On Kansas City’s new city manager Brian Platt’s first day this morning, protesters gathered at city hall demanding he be fired after it was revealed that he and eight Jersey City, New Jersey city officials were accused of racial discrimination in a lawsuit filed earlier this year.

“Kansas City already has too many racists,” the protesters said.

The hiring of Platt, former Jersey City business administrator and the only White candidate among the four finalist for the KCMO city manager’s position, was finalized last week. Mayor Quinton Lucas was the only Black member of the city council who voted in favor of Platt’s appointment. The councilmembers voting against Platt felt a person of color should be selected for the job.

The now dismissed lawsuit included 10 city employee plaintiffs who said the city discriminated against them based on race and age, and that they were illegally transferred or demoted as a part of the recreation department’s reorganization initiative, while many White employees were not.

One of the plaintiffs, Frank Gilmore, said on Twitter that Platt was part of systemic racism that targeted Black and brown workers causing them to lose their jobs, while their White counterparts received promotions. Of those transferred, Gilmore said all but one was Black. 

The plaintiffs claimed many of those who were transferred, had previously made complaints of racial discrimination within the department. The plaintiffs also claim that the reorganization would create a hostile work environment for African-American employees.

“Part of the people in this group have already made complaints about certain issues in this department based on race and other protected classes,” Desha Jackson, the attorney who filed the lawsuit, said to the Jersey Journal. “…They’re being moved because they expressed and did what they did. It is more about politics and suppressing them because they made these statements.”

The fact that Platt did not disclose the lawsuit during the hiring process rubbed Gloria Boehm, one of the protesters, the wrong way. “Nothing has been right about it,” said Boehm.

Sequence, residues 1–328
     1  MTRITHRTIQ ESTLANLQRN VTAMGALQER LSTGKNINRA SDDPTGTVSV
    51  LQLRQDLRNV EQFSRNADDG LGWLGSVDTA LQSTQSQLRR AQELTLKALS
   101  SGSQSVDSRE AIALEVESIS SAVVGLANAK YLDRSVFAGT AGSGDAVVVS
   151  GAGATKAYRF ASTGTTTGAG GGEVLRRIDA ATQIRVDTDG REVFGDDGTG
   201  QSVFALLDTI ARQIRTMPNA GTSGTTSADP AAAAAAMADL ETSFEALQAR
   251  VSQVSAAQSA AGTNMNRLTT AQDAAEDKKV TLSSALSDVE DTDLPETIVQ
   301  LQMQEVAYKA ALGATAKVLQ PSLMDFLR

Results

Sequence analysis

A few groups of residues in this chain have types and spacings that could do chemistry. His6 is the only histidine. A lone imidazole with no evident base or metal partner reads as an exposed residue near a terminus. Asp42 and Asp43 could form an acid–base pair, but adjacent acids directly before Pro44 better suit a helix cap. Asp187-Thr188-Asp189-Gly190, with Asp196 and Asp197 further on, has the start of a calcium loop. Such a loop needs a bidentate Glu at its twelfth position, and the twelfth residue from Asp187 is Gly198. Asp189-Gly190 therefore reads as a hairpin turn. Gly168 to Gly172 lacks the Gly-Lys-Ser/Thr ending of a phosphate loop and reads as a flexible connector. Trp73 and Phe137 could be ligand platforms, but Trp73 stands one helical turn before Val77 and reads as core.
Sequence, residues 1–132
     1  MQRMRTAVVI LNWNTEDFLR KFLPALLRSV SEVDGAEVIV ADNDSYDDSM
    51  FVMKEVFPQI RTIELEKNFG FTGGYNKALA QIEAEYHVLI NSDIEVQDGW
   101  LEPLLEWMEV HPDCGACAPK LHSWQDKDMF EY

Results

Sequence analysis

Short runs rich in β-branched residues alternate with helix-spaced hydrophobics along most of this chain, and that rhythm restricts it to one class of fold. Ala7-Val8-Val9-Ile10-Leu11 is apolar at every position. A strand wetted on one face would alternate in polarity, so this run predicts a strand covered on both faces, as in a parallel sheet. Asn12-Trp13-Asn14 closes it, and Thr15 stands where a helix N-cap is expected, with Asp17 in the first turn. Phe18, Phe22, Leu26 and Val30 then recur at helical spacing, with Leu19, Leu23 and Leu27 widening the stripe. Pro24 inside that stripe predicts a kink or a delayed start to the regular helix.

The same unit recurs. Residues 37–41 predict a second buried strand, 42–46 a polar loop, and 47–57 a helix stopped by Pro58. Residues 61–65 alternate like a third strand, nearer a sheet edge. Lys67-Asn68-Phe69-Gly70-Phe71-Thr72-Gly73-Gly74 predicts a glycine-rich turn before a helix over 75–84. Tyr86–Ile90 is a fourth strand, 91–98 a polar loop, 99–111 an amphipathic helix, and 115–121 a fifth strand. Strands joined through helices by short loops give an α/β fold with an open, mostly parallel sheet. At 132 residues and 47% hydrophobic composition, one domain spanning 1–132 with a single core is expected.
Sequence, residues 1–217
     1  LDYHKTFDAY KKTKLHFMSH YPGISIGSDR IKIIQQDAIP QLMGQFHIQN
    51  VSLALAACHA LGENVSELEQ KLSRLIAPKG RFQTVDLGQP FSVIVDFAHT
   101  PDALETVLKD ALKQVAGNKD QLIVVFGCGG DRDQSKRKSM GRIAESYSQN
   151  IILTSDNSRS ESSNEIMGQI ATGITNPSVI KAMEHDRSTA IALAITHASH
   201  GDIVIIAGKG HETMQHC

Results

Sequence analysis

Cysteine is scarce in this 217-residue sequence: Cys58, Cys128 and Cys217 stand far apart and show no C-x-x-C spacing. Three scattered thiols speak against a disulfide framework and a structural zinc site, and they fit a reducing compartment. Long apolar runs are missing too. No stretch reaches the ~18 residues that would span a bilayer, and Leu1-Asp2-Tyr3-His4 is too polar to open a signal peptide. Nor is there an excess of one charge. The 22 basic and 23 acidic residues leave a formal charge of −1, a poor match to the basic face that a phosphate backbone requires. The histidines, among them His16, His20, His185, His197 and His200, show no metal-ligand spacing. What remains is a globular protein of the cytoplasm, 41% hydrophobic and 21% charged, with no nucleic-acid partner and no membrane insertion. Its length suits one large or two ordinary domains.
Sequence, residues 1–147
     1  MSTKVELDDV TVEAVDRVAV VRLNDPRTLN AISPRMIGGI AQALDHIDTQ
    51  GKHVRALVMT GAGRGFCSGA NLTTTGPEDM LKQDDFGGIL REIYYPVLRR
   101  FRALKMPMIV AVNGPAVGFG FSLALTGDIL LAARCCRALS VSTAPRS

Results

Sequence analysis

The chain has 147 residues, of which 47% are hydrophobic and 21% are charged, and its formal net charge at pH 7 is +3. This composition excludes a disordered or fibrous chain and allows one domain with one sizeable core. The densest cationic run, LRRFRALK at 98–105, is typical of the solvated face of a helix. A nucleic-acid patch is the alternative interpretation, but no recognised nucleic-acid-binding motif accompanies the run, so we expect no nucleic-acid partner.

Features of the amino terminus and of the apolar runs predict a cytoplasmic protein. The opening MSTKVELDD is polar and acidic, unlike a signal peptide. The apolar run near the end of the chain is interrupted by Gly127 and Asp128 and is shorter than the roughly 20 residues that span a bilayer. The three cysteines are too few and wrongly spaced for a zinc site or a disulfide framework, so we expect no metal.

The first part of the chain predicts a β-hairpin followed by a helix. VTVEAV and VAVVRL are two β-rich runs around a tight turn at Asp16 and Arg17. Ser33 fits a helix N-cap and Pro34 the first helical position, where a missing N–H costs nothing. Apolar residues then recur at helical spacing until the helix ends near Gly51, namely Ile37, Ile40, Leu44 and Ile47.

Councilwoman Melissa Robinson, while not accusing Platt of racism, wanted his appointment to be delayed until the lawsuit was fully vetted. She tweeted last week, “If Black Lives Matter in Kansas City, we should want to know what happened to the Black Lives in Jersey City. I will find out the facts. It will take me a week. I am committed to the protection of all workers and dismantling systemic racism within the City of Kansas City.”

In a letter from the Jersey City council, councilmembers said the racist accusations against Platt, who served as the city’s business administrator, were untrue.

“Brian has been a champion of the many diverse communities in Jersey City,” the letter said.  The councilmembers went on to cite Platt’s community supportive activities, including:  marching alongside Black Lives Matter protesters this year, enacting police reforms, including changes to use of force policies and initiatives in support of minority- and women-owned businesses.   

Robinson said she stands behind her statement and is looking further into the lawsuit.

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Jazzlyn Johnson

Jazzlyn "Jazzie” is the former senior reporter for our team, who joined the company in 2020 in the midst of the pandemic, through the Report for America service program. For the past two years, she covered...

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